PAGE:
Prayerfully study Joseph Smith—History 1:1–26 and the historical account given in this lesson. Then study the lesson and decide how you want to teach the children the scriptural and historical accounts. (See “Preparing Your Lessons,” pp. vi–vii, and “Teaching the Scriptural and Historical Accounts,” pp. vii–ix.)
Select the discussion questions and enrichment activities that will involve the children and best help them achieve the purpose of the lesson.
Prepare two empty containers, such as boxes or paper bags, that appear to contain something. Label each container with the words Choose Me!
A Pearl of Great Price for each child.
Map of the New York–Ohio Area, found at the end of the lesson.
Picture 5-1, The Prophet Joseph Smith (Gospel Art Picture Kit 401; 62002); picture 5-3, Joseph Smith’s Family; picture 5-4, Joseph Smith Seeks Wisdom in the Bible (Gospel Art Picture Kit 402); picture 5-5, The Sacred Grove; picture 5-6, The First Vision (Gospel Art Picture Kit 403; 62470).
Suggested Lesson Development
Invite a child to give the opening prayer.
Ask a child to leave the room for a moment. Show the two containers to the rest of the class without letting them see inside. Divide the class into two groups and give each a container. Tell the children in each group that when the child who left the room returns, they are to try to persuade him or her to choose their container. Invite the child to return to the room and choose one of the containers. Ask the child who chose the container questions such as the following:
Why did you choose that container?
How did you feel when others were trying to tell you what to do?
Explain that when Joseph Smith was fourteen years old, he was confused about a choice he needed to make. He was trying to decide which church he should join. Other people tried to help him choose a church, but he only became more confused. He felt that he needed more information to make a wise decision: he wanted to know which church was true. Joseph’s situation was similar to that of the child who had to choose between the two containers. Everyone wanted him to choose their church, but he did not know which church was the right choice.
Scriptural and Historical Accounts
Teach the children about Joseph Smith’s life and the events leading up to and including the First Vision, as described in Joseph Smith—History 1:1–26 and the following account. Show the map and the pictures at appropriate times.
Joseph Smith was born in 1805 in the state of Vermont in the United States of America. He was the fourth of nine children. When Joseph was ten years old, he and his family moved to the state of New York, settling near the town of Palmyra (point out this area on the map). The Smith family was poor, and all the members of the family had to work hard to provide food and other necessities for the family. The family had moved many times before settling near Palmyra, where they found farmland on which crops would grow well.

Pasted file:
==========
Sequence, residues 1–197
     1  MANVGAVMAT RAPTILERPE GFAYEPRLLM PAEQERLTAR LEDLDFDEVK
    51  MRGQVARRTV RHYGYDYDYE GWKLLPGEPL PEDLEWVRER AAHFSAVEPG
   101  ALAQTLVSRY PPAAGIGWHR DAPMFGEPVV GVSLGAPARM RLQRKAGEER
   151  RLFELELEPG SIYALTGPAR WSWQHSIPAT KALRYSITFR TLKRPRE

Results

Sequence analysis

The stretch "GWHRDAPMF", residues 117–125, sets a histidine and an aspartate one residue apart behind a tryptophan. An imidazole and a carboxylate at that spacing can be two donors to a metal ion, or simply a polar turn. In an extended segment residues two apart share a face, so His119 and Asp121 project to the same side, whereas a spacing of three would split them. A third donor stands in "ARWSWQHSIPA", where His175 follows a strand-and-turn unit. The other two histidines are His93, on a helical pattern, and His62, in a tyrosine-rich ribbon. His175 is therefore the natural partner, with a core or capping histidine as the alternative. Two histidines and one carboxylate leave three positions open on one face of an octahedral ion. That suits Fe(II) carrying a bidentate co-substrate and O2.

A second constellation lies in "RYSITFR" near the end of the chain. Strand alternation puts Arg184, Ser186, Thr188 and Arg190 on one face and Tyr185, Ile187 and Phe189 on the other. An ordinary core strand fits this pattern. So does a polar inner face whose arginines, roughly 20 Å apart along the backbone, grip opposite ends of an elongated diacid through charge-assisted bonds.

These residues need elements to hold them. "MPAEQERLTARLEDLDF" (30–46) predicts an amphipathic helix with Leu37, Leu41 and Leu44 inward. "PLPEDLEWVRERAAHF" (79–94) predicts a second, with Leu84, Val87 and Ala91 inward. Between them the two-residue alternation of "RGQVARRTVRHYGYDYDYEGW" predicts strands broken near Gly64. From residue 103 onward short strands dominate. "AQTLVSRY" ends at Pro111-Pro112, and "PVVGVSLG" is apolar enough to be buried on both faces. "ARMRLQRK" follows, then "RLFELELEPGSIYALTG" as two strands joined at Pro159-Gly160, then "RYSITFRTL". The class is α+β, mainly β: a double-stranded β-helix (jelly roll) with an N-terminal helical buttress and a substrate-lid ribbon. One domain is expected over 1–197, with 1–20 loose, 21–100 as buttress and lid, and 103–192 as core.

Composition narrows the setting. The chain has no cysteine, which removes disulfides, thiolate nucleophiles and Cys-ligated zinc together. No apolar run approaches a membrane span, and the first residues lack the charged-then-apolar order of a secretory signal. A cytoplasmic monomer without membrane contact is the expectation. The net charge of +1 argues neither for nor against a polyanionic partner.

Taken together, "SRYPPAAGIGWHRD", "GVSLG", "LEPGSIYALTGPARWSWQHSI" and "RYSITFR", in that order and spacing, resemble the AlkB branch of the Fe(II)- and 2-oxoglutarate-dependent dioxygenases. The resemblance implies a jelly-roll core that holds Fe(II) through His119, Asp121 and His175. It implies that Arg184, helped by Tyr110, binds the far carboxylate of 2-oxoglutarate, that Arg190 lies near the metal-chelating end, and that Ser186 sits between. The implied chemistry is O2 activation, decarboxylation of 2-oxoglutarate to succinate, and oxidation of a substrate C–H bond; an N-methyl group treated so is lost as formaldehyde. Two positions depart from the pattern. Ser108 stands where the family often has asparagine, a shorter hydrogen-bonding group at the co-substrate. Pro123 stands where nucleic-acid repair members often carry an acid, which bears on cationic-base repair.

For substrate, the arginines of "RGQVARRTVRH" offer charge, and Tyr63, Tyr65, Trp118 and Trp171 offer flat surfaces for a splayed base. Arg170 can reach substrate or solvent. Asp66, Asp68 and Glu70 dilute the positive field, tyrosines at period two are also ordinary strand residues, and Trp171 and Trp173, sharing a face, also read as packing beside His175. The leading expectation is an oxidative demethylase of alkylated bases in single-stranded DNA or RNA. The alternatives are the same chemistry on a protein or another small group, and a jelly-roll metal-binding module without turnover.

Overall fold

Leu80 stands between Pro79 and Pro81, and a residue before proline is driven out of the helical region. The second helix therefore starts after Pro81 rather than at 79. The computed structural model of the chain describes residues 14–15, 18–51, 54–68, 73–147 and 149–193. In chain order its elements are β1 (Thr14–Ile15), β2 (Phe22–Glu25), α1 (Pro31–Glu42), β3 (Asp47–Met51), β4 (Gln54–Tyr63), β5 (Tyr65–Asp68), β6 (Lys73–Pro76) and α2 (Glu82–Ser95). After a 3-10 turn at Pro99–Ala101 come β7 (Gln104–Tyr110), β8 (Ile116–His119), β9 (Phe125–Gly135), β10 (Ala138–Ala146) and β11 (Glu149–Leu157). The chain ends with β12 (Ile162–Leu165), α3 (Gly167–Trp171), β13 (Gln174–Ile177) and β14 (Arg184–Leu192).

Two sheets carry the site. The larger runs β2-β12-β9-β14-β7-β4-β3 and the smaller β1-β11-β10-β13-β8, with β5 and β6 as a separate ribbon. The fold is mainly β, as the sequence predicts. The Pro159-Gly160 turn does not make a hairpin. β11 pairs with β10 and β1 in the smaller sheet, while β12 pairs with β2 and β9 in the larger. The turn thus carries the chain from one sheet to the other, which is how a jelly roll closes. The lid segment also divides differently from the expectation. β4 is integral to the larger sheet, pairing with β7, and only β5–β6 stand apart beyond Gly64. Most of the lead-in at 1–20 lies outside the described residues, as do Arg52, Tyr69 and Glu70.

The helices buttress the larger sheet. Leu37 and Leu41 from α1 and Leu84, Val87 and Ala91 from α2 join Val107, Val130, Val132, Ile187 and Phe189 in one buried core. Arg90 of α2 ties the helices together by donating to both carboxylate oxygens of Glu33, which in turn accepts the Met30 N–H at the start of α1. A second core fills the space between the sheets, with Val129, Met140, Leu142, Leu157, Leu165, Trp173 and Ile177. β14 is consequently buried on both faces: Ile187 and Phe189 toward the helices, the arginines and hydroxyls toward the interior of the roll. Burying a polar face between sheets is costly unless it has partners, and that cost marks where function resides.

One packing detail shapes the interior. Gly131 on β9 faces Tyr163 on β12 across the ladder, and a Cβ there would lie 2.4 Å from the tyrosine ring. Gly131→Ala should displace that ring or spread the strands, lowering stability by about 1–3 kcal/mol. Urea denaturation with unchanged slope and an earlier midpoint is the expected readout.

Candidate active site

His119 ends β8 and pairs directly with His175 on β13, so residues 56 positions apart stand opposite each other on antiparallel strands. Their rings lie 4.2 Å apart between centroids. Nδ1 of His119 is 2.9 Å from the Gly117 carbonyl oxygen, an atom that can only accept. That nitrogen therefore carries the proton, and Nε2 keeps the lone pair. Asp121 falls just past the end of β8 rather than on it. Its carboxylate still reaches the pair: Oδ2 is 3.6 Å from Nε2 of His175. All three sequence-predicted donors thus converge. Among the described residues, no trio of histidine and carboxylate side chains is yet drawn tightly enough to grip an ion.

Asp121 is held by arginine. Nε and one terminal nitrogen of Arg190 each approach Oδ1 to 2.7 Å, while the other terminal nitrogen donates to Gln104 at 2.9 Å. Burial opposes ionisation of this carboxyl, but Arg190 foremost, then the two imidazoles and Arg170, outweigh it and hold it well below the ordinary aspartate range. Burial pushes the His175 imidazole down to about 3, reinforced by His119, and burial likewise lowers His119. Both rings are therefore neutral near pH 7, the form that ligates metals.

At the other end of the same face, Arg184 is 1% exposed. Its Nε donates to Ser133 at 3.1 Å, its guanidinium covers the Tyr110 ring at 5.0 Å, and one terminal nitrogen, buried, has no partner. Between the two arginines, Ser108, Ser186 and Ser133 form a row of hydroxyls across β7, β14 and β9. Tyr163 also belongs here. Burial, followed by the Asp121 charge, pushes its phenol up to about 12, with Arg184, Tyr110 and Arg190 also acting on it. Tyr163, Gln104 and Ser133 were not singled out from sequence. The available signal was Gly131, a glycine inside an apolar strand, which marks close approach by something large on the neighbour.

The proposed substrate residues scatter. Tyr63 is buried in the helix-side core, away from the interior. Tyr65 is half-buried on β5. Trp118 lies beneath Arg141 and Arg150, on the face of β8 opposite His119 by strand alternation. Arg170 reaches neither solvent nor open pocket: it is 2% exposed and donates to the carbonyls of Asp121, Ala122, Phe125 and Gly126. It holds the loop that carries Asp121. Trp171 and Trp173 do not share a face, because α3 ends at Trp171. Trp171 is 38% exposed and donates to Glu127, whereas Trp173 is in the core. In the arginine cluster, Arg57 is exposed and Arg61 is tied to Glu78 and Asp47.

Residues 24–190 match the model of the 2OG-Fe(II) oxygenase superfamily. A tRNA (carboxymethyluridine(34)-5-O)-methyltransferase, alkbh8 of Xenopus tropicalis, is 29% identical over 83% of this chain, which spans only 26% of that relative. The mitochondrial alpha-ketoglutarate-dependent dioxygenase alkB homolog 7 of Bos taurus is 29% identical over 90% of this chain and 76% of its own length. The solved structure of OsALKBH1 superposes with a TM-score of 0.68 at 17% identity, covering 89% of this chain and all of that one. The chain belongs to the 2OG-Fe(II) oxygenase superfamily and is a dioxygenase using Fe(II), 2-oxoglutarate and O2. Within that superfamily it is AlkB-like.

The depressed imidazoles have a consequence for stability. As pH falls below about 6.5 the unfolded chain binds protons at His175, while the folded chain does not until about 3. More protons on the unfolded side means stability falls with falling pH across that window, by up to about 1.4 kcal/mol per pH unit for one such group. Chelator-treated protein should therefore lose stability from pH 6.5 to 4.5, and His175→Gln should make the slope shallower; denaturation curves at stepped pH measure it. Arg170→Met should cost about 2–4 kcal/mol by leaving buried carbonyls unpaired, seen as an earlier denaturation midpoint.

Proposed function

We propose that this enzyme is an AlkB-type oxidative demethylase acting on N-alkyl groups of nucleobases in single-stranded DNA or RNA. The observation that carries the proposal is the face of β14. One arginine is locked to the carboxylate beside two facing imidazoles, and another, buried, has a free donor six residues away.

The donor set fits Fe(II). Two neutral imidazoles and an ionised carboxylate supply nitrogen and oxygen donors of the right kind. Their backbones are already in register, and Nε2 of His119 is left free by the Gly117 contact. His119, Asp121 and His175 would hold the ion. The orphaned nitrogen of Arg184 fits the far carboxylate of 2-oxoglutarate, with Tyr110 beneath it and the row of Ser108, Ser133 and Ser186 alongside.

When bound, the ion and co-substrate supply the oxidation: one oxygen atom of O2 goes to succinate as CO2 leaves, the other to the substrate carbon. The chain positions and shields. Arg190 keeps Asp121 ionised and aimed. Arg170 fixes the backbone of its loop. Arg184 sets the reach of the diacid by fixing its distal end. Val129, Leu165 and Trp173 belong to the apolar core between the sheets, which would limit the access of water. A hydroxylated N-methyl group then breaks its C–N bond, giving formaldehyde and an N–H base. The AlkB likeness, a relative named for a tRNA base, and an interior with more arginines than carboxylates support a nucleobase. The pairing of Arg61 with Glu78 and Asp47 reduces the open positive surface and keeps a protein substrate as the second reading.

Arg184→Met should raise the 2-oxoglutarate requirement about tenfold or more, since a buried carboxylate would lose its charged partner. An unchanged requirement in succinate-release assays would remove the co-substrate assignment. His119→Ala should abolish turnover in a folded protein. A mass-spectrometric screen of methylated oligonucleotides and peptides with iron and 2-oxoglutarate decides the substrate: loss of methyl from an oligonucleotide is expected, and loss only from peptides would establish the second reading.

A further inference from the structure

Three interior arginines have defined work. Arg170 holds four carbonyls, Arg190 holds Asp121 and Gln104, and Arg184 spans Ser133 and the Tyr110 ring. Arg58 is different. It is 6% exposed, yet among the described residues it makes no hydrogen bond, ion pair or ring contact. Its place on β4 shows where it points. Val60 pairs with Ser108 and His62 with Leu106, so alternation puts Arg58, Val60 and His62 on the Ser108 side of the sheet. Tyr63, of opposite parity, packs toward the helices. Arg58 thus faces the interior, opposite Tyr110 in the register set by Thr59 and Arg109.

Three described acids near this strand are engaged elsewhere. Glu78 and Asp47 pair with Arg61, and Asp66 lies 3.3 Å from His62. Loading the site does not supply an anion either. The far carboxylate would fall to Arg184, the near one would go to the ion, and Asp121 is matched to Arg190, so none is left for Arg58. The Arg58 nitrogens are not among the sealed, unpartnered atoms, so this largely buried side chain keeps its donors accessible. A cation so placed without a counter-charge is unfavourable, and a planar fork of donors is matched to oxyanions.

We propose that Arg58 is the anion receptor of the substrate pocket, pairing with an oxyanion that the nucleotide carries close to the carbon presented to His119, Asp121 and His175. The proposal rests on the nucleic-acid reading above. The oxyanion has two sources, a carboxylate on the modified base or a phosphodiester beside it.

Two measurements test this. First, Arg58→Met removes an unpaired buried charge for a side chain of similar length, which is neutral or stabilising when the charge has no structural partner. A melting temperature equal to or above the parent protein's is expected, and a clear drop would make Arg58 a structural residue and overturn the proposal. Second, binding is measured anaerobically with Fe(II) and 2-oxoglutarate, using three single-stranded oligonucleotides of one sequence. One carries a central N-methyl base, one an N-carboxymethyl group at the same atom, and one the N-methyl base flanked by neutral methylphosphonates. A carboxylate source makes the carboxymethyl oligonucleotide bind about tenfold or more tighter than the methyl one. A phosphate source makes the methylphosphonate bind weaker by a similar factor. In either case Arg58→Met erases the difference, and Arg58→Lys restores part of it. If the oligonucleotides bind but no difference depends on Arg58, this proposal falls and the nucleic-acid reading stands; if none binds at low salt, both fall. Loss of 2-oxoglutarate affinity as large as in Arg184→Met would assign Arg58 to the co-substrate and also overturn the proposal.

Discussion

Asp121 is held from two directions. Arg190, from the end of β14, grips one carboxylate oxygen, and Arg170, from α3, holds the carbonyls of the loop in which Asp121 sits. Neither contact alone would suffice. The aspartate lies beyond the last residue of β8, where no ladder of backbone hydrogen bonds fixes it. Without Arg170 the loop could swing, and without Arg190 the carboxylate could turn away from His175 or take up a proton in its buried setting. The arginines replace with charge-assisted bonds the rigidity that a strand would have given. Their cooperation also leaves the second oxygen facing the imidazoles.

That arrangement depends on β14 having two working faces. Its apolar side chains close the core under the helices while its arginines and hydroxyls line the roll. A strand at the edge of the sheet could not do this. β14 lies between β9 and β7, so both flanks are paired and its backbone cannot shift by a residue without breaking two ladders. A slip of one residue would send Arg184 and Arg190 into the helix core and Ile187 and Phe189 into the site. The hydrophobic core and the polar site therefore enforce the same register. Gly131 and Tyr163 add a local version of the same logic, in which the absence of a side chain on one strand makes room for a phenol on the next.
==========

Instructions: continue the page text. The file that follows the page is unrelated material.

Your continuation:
Joseph did not have much opportunity to attend school, so he learned only the basics of reading, writing, and simple arithmetic. Joseph’s mother said that he seemed just like other boys his age until the time of his vision. She said he was quiet and well-mannered and liked to study and think about important things. He was a tall, athletic, cheerful boy who seldom got angry.
Joseph’s family loved God and wanted to keep his commandments. They read the Bible and prayed together often. Like Joseph, they were confused about which church was the true church of Jesus Christ. After Joseph received his first vision, his family believed him and supported him in the great work he was called to do.
Explain that this year’s course of study will be from the Doctrine and Covenants and Church history. The Doctrine and Covenants is a collection of divine revelations, most of them given to the Prophet Joseph Smith by Jesus Christ. Many of the historical events that occurred during the early days of the Church were recorded by Joseph Smith himself in the section of the Pearl of Great Price entitled “Joseph Smith—History.” Help the children find this section in their copies of the Pearl of Great Price.
Discussion and Application Questions
Study the following questions and the scripture references as you prepare your lesson. Use the questions you feel will best help the children understand the scriptures and apply the principles in their lives. Reading and discussing the scriptures with the children in class will help them gain personal insights.
When and where was Joseph Smith born? (JS—H 1:3.) What were the names of Joseph’s mother and father? (JS—H 1:4.) How many children were in Joseph’s family? (JS—H 1:4.) How did Joseph’s parents help prepare him for the work he was to do?
Where did Joseph Smith’s family move after they left Vermont? (JS—H 1:3.) Help the children understand that although the family moved from Vermont to New York to find a better place to farm, a more important reason for their move—a reason they did not know about—was so that Joseph could live close to the place where the gold plates were buried. In what ways might Heavenly Father direct our lives without our knowing about it?
Why was Joseph confused about which church he should join? (JS—H 1:5–10.) How did the scriptures help Joseph decide what to do? (JS—H 1:11–13.) How have the scriptures helped you make decisions? (You may wish to share a personal experience.)
Where did Joseph Smith go to pray? (JS—H 1:14.) Why do you think he wanted a place where he could be alone? Explain that the place where Joseph Smith went to pray is now called “The Sacred Grove.” (See enrichment activity 6.)
What happened when Joseph began to pray? (JS—H 1:15.) Where did this darkness come from? (JS—H 1:16.) How was Joseph delivered from the darkness that surrounded him? (JS—H 1:17.) What did Joseph learn about Satan and his power from this experience? What did he learn about Heavenly Father’s power? (It is greater than Satan’s power.) Why is it important for us to remember that Heavenly Father’s power is greater than Satan’s power?